How can it be that we sometimes keep holding on to certain beliefs of which we could know, and perhaps deep inside do know, that they are not true? Think about things like magical thinking, superstition and views which logically can't be true and things we have proven to be untrue? In a new article, Believing What We Do Not Believe: Acquiescence to Superstitious Beliefs and Other Powerful Intuitions, Jane Risen looks at this question from the perspective of dual process models such as Kahneman's model distinguishing system 1 and 2 thinking.

October 28, 2015

What is a growth mindset not?

Perhaps a growth mindset sounds attractive. But perhaps it also sounds to good to be true. Therefore, let's have a look at what a growth mindset is and what it is not. Briefly put, a growth mindset is the belief that you can change your abilities though the investment of effective effort. People do not simply either have a growth mindset or a fixed mindset. Mindset is not like a switch with just two modes: fixed or growth. Instead, there are many degrees possible. It is better to think of mindset as a continuum than as a switch. Furthermore, mindset can be subject to fluctuations. Influences from our environment continuously act on how we think about the malleability of our abilities. In addition to that, it is normal to have different mindsets with respect to different topics. We may believe that we are able to develop certain abilities but may never improve other abilities.

October 27, 2015

What do you choose: mastery goals or performance goals?

An important distinction in psychology is the distinction between mastery goals and performance goals. Mastery goals are goals which focus on learning new knowledge and skills. Performance goals are about achieving and competing for outcomes. This distinction is important for education. Should you focus on teaching students to set mastery goals or is it wiser to teach them to set performance goals? What works better?

4 Factors which impede change of beliefs

Because beliefs have such great influence in our lives, it is important to be able to evaluate our beliefs properly and to keep developing them. Beliefs are malleable. We can find out that a belief we used to have is untrue and restricts us in our life. But changing our beliefs is not always easy. That is because, as people, we have certain obstacles which may impede changing our beliefs. I want to mention four of those obstacles.

October 15, 2015

Book: Building Autonomous Learners

Self-determination theory is applicable to many areas of life. Education is a good example. There is a new book which deals specifically with this area of application: Building autonomous learners. Perspectives from Research and Practice using Self-Determination Theory.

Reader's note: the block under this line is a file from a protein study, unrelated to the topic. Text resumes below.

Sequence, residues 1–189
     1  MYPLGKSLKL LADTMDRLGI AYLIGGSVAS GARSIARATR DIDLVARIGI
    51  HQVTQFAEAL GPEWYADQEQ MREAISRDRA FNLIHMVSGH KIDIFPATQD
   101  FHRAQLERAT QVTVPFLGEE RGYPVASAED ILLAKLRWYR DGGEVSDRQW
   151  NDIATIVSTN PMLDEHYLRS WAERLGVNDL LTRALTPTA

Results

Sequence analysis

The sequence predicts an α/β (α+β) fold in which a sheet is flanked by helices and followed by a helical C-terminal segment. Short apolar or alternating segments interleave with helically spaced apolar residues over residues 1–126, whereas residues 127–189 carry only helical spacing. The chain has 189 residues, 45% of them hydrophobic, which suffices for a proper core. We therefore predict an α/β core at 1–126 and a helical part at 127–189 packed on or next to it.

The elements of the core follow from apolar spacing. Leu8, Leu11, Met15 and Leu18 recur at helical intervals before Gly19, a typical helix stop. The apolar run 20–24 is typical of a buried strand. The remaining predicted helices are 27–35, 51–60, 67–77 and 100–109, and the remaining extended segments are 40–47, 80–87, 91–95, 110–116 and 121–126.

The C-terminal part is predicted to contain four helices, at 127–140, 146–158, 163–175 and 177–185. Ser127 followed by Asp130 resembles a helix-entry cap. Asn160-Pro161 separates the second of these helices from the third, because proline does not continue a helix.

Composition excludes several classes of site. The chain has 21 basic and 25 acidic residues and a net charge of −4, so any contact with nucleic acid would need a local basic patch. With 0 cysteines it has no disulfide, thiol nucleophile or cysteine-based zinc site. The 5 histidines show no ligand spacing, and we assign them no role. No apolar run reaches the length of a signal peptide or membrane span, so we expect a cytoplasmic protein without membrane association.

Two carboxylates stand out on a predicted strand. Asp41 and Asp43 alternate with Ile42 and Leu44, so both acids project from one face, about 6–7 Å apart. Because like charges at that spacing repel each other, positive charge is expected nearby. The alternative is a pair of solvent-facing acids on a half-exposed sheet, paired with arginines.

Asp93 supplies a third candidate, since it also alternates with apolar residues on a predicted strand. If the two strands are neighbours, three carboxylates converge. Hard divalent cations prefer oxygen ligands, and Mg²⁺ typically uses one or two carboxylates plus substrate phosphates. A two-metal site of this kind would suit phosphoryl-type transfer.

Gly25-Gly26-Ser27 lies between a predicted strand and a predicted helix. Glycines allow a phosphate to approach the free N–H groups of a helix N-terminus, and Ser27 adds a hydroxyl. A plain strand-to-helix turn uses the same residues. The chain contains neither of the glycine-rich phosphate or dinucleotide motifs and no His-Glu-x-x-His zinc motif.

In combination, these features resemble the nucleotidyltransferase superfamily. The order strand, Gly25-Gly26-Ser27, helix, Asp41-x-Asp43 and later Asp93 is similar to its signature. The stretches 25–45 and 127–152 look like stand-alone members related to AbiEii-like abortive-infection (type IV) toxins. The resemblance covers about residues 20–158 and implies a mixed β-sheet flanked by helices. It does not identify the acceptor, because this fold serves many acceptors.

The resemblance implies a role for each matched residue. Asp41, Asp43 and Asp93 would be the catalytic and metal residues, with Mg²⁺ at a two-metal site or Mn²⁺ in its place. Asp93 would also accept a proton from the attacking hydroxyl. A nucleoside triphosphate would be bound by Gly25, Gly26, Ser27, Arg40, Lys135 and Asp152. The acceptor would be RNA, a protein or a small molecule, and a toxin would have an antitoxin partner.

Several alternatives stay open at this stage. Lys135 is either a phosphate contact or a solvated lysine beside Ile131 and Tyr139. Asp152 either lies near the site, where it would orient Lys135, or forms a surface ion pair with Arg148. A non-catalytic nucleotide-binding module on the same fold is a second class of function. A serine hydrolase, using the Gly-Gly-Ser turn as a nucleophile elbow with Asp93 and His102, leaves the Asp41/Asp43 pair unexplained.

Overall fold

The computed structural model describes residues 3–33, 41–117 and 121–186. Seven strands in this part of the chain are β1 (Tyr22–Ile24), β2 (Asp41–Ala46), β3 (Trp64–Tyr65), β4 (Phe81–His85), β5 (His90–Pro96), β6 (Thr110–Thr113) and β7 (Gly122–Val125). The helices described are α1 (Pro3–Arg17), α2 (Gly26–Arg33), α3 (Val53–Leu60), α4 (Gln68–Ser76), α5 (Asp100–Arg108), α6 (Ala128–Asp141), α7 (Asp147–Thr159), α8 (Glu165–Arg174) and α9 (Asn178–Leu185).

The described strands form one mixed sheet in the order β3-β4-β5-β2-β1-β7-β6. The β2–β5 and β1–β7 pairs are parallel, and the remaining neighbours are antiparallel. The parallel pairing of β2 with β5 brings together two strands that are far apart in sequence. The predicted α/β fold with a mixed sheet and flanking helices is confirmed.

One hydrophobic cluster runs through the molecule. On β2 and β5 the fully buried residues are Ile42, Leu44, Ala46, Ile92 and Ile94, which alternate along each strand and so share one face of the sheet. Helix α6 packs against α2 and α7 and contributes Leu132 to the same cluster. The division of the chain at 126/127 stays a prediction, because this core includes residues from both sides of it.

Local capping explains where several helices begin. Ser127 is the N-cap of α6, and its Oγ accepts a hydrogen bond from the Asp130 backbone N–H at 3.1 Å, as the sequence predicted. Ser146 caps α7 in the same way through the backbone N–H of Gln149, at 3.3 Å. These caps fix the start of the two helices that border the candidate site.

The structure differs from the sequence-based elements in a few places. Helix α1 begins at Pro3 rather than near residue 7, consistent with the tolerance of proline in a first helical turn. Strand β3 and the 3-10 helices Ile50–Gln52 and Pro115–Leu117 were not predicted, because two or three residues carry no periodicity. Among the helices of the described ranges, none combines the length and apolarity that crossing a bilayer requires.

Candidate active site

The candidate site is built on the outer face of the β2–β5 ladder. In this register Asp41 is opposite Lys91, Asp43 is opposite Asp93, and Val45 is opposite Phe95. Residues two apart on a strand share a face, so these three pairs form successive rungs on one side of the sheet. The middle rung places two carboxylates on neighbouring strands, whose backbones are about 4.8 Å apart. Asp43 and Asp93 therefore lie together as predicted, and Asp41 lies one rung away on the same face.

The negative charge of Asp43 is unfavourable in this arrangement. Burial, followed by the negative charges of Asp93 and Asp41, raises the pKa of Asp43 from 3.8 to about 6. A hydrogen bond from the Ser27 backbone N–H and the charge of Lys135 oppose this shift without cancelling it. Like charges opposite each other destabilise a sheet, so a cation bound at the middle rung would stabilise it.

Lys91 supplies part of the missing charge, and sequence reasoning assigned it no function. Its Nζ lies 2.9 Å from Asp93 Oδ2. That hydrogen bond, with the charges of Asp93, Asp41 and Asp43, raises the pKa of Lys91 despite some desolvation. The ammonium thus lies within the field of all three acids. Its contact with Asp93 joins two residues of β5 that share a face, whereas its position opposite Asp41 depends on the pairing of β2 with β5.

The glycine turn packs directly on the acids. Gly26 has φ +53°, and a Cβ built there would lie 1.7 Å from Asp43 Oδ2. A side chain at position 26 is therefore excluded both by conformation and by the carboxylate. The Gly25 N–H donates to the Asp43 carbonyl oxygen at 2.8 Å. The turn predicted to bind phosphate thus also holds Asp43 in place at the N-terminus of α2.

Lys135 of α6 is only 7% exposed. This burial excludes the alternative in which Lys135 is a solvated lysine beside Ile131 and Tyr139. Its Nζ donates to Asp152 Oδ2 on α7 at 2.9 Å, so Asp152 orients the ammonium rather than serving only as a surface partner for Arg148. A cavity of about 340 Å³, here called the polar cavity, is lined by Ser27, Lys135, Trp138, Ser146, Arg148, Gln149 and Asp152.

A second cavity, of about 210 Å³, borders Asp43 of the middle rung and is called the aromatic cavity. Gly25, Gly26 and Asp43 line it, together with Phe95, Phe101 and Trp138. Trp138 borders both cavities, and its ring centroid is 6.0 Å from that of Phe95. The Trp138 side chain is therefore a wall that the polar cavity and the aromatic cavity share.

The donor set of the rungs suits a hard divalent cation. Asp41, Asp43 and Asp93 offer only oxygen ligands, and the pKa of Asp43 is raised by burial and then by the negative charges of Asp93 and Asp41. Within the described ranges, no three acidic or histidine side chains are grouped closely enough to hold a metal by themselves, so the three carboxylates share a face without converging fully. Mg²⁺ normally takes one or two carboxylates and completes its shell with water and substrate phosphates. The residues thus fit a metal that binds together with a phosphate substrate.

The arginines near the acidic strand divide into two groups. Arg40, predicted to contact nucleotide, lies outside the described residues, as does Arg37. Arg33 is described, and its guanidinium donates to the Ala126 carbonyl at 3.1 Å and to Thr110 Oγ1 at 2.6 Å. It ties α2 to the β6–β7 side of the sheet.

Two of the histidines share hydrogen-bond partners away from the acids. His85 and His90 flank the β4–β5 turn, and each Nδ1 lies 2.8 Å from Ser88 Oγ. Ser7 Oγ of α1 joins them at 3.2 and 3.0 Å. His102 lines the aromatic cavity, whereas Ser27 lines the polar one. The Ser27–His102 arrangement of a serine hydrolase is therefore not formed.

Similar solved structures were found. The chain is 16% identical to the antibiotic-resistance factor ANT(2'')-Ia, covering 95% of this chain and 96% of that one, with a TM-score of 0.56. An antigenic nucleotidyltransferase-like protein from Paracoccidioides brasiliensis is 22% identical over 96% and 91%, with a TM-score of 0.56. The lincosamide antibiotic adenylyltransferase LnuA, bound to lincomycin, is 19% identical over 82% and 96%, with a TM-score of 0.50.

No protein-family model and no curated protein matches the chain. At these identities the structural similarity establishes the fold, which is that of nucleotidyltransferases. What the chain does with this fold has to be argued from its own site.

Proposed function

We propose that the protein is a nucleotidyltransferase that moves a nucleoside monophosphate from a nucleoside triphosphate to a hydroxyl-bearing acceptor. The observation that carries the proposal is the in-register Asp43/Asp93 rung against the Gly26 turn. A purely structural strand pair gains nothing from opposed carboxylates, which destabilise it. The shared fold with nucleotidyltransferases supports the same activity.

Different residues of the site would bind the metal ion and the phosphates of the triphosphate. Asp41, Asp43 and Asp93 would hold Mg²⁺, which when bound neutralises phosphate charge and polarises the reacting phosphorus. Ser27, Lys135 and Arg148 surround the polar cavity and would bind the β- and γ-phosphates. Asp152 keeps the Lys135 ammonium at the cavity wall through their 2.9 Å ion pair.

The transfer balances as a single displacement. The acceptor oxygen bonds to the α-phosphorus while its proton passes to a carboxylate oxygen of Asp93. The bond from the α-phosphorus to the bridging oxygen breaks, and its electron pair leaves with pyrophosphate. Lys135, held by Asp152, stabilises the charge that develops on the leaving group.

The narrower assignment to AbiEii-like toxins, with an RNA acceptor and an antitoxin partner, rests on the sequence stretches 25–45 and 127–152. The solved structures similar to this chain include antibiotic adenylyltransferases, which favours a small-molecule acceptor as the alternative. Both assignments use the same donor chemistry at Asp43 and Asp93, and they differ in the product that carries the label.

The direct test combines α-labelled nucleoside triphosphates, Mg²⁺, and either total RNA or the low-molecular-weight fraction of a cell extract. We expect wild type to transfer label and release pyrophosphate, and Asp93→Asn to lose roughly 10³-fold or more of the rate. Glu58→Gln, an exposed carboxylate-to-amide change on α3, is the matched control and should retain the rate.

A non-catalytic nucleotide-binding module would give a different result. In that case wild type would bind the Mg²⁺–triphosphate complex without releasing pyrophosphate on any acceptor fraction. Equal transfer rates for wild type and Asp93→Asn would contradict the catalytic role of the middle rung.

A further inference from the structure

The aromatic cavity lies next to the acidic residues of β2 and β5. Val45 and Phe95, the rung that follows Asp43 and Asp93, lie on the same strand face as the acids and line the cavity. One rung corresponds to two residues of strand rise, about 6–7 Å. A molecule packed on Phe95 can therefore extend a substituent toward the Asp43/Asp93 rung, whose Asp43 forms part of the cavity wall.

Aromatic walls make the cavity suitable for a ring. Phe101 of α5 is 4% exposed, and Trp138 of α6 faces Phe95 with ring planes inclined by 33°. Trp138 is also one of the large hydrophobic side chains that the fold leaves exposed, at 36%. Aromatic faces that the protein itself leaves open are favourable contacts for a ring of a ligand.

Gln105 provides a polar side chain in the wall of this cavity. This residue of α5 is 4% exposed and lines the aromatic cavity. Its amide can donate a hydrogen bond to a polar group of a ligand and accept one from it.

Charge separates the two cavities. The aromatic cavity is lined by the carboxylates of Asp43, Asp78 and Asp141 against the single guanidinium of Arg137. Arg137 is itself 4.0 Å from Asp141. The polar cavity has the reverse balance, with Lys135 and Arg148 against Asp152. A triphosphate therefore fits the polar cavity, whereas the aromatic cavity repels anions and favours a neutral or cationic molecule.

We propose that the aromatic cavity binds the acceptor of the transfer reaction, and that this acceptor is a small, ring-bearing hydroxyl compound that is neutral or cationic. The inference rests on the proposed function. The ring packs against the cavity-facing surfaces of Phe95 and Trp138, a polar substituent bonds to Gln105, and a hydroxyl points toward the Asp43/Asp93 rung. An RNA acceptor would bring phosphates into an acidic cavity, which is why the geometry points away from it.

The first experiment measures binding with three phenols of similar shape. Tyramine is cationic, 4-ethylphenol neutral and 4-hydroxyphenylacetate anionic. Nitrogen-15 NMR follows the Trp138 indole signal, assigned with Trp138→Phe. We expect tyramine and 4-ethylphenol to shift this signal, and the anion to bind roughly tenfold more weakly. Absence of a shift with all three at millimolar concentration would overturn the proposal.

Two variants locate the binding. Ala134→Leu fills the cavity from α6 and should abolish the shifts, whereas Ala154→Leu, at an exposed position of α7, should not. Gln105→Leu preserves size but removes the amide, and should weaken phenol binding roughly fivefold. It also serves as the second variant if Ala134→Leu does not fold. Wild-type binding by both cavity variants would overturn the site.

October 14, 2015

Activity scheduling and depression

There are different types of ways to deal with mental problems such as depression. Three such ways are: (1) taking medication, (2) going into therapy, and (3) helping yourself to solve it. A lot of research has been done into the efficacy of (1) and (2). Less research has been done into (3). There is a non-cynical interpretation of this but also a more cynical interpretation. I don't know which interpretation is more valid. There may be truth in both of them.

October 5, 2015

Choosing better education and a growth mindset

Recently I criticized an article by Alfie Kohn in which he criticized Carol Dweck. Whether Kohn does not understand the growth mindset well, and is not well informed about mindset research, or deliberately misleads, I don't know. But what he says, isn't true. I want to focus on one of his criticisms because it contains an especially misleading thought. Kohn suggests that promoting a growth mindset implicitly sends the message to just accept and adjust to the conditions we encounter instead of changing them. I'll explain why this is not true.

October 4, 2015

The limiting effects of implicit self-beliefs

Our beliefs about ourselves can have a strong impact on how we behave and on how we develop and flourish. We are not always aware of our self-beliefs. There are what we call implicit self-beliefs. An example of such an implicit self-belief might be: "I am not a math person." Researchers Cvencek et al. (2015) of the University of Washington found, in a study with 299 Singaporean elementary-school students that children of this age often already have such implicit beliefs about whether they are or aren't 'math people'.